Bolt, the ride-hailing app, seen as Uber’s biggest competition in the capital, have announced they will let drivers set their prices individually after Uber raised fares by 10% in London last week.

Both companies have struggled with keeping drivers on their platforms after the lifting of coronavirus restrictions, leading to increased waiting times and frustration for passengers.

Bolt drivers will be able to set their fares within a range in several cities, with the company hoping for a full rollout of this feature before Christmas.

Bolt’s announcement comes only days after Uber’s, with Uber also adding a 25% surcharge for airport rides.

These rises in fares will have the largest effect on those in their 20s and 30s, currently the biggest consumers in the UK ride-hailing market.

Last month Uber drivers undertook strike action organised by the Independent Workers Union of Great Britain (IWGB) over the increased share Uber takes for each ride, encouraging a boycott of the app during the strike.

The IWGB union took to Twitter to comment on the Uber price rise, saying: “a 10% rise is not nearly enough to compensate for years of slashed pay nor the fuel spikes and the increasing cost of living. Uber needs to cut its 25% share to 15% now”.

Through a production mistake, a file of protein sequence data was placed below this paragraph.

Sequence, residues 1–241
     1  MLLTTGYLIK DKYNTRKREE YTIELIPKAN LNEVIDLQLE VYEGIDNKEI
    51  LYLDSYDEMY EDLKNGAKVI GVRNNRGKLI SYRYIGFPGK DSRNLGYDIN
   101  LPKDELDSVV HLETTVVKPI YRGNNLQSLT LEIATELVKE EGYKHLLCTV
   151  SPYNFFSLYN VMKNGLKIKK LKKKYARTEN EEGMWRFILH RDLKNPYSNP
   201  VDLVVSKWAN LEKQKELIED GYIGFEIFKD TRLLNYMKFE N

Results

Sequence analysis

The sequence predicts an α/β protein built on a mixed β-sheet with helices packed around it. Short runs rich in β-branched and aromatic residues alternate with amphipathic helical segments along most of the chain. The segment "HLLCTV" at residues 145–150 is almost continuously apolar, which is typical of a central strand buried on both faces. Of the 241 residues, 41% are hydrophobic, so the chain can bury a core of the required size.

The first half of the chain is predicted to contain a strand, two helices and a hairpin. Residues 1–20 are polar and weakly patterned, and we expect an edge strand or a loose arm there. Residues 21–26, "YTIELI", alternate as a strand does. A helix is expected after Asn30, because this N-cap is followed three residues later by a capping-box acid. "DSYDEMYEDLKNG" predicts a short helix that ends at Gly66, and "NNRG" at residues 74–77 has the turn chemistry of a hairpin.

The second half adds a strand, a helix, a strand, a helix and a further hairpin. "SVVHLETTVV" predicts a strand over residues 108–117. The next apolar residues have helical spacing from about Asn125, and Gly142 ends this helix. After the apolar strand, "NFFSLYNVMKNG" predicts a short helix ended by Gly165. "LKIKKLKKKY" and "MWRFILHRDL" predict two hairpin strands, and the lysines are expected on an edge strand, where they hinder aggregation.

It has been an eventful year for ride-hailing apps in the UK.

In February, the supreme court ruled that Uber drivers should no longer be classed as self-employed, entitling them to the same rights as workers, including sick pay, a minimum wage, and a pension.

Bolt still currently classes its drivers as self-employed but this could change going forward as legal cases are being brought against the company over the issue of workers’ rights.

Currently, there are 65,000 Bolt drivers and 90,000 Uber drivers across the UK.

Lack of worker rights may be one of the reasons Bolt continues to lag behind Uber’s user base, with Uber currently rating four times more popular than its Estonian competitor in the UK.